Rarely does a debut feature come along with the visual and narrative confidence of “Thirst,” a beautifully crafted, subtly told story of two very different teens hesitantly coming together in Bulgaria’s rural southwest. Directed with arresting yet subtle flair by Svetla Tsotsorkova, whose affinity for minimal dialogue elides with her careful attention to how people observe each other, the film combines chamber-piece elements with sensitivity to landscape, light and shadow. Though Bulgarian pics rarely get international releases, “Thirst” deserves more than fest exposure, and should see at least limited Euro arthouse play.
From the first fixed-camera shot, it’s clear Tsotsorkova knows exactly what she’s doing: A teen boy (Alexander Benev) appears in the distance, jogging along a winding path. The road dips, he disappears, and the viewer waits expectantly for him to resurface when he reaches the top of the rise. Patience is rewarded, and attentive audiences immediately understand they should be carefully watching how and why scenes play out.
None of the characters is named (usually an annoying contrivance, but acceptable here). The boy lives with his bookish father (Ivaylo Hristov) and hard-working mother (Svetlana Yancheva) at the top of a hill. She washes the bed linens for hotels in town, but water is unreliable at best, so they pay a man (Vassil Mihajlov) and his teen daughter (Monika Naydenova), a water diviner, to locate an underground spring on the property. The girl is one tough cookie, played with astonishing swagger by Naydenova, a real find. Exuding a combative air that keeps everyone at a distance, she unnerves the family, though the boy, far less self-assured than she, is fascinated.
His mother is impatient with the digging — well, impatient with her life, really. Rarely smiling, always doing the drudge work, she is the key to the family’s existence. Her husband survived a heart attack several years earlier, and it’s made him overly cautious, though it could also be a crutch he uses to avoid too much involvement. The boy is a good son, helpful to his mother, obedient to his father, but also isolated in these summer months, so the girl’s sudden presence is a jolt out of the mundane.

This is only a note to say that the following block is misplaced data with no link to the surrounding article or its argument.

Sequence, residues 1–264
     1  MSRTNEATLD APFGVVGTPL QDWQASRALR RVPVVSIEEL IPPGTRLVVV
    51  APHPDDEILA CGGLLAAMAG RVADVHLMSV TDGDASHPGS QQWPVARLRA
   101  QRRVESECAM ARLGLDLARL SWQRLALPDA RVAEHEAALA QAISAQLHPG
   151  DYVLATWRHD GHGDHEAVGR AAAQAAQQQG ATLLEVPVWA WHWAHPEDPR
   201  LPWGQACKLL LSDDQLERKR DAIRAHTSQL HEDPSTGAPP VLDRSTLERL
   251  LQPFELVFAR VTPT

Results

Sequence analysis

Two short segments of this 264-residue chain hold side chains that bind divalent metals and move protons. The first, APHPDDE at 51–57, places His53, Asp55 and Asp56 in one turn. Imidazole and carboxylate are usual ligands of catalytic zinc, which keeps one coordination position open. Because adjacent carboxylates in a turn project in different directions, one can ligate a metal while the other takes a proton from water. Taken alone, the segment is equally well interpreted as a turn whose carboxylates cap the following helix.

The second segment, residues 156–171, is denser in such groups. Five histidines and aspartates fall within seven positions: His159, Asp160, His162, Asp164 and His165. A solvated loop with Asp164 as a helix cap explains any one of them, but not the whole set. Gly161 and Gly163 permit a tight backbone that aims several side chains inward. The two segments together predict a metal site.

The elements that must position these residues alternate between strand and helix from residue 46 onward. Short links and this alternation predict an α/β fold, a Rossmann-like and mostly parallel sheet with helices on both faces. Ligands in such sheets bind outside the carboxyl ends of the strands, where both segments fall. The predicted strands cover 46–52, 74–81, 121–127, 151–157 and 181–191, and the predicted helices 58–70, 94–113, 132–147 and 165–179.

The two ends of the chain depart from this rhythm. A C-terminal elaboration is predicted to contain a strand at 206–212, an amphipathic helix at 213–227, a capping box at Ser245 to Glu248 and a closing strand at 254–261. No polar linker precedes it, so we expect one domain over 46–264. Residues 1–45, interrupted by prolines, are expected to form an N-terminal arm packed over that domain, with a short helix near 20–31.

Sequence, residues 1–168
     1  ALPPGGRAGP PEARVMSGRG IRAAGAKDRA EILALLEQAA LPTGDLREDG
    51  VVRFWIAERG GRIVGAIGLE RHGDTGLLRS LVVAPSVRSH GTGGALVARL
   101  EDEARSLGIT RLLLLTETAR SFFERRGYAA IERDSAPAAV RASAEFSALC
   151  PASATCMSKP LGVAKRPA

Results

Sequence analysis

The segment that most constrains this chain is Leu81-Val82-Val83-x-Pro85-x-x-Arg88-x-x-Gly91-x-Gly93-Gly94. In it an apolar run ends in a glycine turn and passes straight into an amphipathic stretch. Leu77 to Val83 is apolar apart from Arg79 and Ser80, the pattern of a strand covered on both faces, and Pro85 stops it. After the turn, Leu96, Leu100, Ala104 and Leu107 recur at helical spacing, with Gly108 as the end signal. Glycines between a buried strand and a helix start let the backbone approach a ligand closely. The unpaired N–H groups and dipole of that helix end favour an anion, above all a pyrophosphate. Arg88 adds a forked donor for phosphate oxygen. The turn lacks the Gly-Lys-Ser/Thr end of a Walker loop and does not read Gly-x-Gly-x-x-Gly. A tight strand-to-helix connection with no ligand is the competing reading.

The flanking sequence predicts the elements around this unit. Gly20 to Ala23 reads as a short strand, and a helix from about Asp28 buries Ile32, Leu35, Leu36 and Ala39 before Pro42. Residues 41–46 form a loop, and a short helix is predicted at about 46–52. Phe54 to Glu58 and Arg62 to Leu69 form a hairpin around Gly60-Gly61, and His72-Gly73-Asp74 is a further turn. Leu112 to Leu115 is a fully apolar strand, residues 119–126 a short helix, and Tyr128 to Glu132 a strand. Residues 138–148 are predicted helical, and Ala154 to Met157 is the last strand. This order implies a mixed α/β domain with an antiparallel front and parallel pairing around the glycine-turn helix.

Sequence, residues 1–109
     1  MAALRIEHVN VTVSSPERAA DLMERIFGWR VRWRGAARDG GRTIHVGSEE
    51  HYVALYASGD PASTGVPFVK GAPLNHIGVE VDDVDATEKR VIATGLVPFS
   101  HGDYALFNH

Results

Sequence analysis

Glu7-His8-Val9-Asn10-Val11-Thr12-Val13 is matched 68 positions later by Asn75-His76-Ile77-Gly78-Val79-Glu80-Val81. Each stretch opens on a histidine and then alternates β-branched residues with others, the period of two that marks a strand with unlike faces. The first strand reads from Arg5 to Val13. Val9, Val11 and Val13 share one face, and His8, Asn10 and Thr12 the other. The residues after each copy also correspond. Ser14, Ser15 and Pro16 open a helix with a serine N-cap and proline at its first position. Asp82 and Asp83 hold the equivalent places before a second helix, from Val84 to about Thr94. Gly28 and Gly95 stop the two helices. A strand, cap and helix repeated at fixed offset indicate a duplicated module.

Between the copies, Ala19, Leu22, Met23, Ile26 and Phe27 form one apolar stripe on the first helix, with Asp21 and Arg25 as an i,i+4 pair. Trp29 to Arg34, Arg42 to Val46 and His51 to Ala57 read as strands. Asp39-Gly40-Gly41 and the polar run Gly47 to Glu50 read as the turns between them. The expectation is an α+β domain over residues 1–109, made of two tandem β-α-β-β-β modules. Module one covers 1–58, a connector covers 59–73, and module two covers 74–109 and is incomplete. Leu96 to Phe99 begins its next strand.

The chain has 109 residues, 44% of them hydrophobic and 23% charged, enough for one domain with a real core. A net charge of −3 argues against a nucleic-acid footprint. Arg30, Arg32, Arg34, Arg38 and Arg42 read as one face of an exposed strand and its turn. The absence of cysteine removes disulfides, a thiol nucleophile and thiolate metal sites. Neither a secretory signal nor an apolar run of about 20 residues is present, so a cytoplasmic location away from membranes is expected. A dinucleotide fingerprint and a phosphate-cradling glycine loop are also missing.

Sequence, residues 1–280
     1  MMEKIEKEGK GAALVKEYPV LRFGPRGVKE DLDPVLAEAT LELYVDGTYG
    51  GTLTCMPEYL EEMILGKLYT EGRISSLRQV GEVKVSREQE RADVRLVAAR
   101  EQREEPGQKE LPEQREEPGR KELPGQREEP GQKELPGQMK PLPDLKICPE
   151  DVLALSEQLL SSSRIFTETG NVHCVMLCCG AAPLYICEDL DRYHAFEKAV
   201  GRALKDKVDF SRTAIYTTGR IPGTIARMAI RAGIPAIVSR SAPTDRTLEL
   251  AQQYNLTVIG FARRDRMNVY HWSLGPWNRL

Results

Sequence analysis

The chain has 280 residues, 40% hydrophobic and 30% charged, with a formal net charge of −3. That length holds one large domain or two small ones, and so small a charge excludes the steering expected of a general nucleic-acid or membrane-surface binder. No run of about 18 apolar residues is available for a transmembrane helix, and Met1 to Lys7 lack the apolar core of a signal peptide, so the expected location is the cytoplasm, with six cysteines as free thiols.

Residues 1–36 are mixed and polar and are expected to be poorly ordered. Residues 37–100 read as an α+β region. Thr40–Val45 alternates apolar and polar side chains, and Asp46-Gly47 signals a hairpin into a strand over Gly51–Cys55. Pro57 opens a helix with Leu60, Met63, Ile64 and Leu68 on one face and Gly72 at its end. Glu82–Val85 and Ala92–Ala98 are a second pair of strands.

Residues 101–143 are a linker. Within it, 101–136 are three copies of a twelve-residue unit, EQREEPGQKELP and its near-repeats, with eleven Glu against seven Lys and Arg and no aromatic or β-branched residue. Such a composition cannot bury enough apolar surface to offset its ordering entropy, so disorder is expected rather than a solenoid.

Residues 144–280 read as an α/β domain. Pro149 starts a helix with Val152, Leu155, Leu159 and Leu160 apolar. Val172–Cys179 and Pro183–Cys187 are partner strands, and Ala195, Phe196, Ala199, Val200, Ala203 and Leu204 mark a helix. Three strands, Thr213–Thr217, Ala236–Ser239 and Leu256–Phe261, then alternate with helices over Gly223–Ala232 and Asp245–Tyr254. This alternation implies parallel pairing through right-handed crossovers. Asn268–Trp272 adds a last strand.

In truth, nothing much happens in “Thirst,” at least not in a major key. There’s a big storm, which breaks the film’s reserve and allows for a small moment of catharsis, but Tsotsorkova is most interested in character studies, and the ways people change in nearly imperceptible yet irrevocable ways. She also fills the film with memorable moments: the mother and the girl’s father searching in the dark with flashlights, or mother and son dancing among the drying sheets. Plenty of films have used scenes of flapping bed linens, but Tsotsorkova’s eye for the undemonstratively poetic turns something almost commonplace into a reflection of mood.
Casting is flawless, from pros like Yancheva and Hristov, capturing divergent aspects of world-weariness, to newcomers Benev and Naydenova. While her character makes more of an impact — few will forget her challenging stare — his quiet, unsophisticated intensity doesn’t go unnoticed. The same is true for the way the director gives emphasis to how and where people look, through window and doors, observing each other with wariness or curiosity or attraction. Gazes can be a challenge, as with the girl, or, with the others, a complex mix of feelings.
Vesselin Hristov’s widescreen lensing is accomplished but not showy, attuned to beautiful compositions without making them feel apart from the story. The summer light is important in the way it beats down, heating the ground and its inhabitants, and color grading is top-notch. Some viewers may feel the flare-up at the end is a bit forced, but it also provides a kind of destructive release from the hothouse atmosphere.